Book Review: Battleground New York City: Countering Spies, Saboteurs, and Terrorists since 1861


by Thomas A. Reppetto

Washington: Potomac Books, 2012. Pp. xvi, 286. Illus., notes, biblio., index. $29.95 paper. ISBN: 1597976776

Battleground New York City deals with covert operations and espionage in the nation’s principal metropolis from the Civil War to the present.

Reppetto, a police veteran, author, and university instructor, gives us a tale populated with spies, conspirators, gangsters, assassins, bureaucrats, subversives, politicians, nationalists, terrorists, and more, as he recounts the complex nature of threats by both foreign and domestic agents,and the evolution the city’s, and the nation’s, security apparatus.  The first chapter looks at events from outbreak of the Civil War through the early Twentieth Century, when threats were largely domestic, Confederate saboteurs, anti-draft rioters, anarchists, labor struggles, and so forth.  Reppetto follows this with two chapters on events during World War I, when German agents and saboteurs operated in New York.  There follows a chapter covering the “Jazz Age” and the Thirties, during which there were attacks by anarchists and fascist agents, as well as considerable espionage activity, particularly after the rise of Nazism in Germany.  Two chapters are needed to cover the Second World War, due to actions by Axis saboteurs, generally underreported in most histories, as well complex espionage activity by the Axis, Communists, and British.  The Cold War and the “War on Terror” each rate a single chapter.  Although he fails to draw some general conclusions about the evolving problem of domestic security, Reppetto tells a lively tale, and reminds us of many now long-forgotten instances of terrorism in New York.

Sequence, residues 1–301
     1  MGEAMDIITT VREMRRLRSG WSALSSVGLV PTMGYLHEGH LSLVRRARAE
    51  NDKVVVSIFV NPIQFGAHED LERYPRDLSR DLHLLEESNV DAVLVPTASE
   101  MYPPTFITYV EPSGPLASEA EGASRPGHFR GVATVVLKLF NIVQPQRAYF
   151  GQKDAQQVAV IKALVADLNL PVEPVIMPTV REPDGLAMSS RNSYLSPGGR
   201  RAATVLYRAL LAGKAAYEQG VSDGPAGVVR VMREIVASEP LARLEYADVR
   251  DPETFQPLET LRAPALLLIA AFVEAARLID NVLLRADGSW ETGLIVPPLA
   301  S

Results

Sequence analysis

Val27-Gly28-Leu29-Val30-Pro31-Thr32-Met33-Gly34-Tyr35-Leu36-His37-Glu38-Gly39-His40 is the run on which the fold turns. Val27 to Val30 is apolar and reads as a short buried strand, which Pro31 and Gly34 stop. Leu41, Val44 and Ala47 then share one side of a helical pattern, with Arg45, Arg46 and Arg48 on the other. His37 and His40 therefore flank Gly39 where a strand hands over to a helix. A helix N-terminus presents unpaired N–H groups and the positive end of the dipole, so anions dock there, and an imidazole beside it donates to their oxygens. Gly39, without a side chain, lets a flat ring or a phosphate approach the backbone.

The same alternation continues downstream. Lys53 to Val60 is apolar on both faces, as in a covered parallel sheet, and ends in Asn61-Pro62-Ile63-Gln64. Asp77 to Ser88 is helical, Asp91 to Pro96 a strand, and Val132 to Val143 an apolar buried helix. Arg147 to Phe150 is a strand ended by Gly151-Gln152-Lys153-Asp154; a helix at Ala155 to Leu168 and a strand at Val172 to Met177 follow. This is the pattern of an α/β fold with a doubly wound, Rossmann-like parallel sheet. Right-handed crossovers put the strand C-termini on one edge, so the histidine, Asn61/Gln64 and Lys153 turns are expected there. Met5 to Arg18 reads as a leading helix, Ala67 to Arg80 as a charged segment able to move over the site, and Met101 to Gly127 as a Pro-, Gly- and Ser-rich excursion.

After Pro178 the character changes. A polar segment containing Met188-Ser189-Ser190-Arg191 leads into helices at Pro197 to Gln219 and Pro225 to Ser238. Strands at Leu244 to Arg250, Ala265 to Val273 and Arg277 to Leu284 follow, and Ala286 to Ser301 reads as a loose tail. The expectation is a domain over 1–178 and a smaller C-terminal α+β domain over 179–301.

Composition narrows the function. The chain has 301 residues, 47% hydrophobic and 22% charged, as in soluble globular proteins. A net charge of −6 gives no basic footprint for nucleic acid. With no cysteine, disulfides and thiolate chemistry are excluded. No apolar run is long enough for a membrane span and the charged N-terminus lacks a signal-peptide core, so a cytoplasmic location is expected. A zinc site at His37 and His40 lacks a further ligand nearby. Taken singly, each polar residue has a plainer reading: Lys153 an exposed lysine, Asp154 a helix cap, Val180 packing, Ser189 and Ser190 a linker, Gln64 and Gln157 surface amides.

Useful for the specialist, Battleground New York City is a good survey for the non-specialist in security studies, being both entertaining and informative.

Reviewer: A. A. Nofi, Review Editor   

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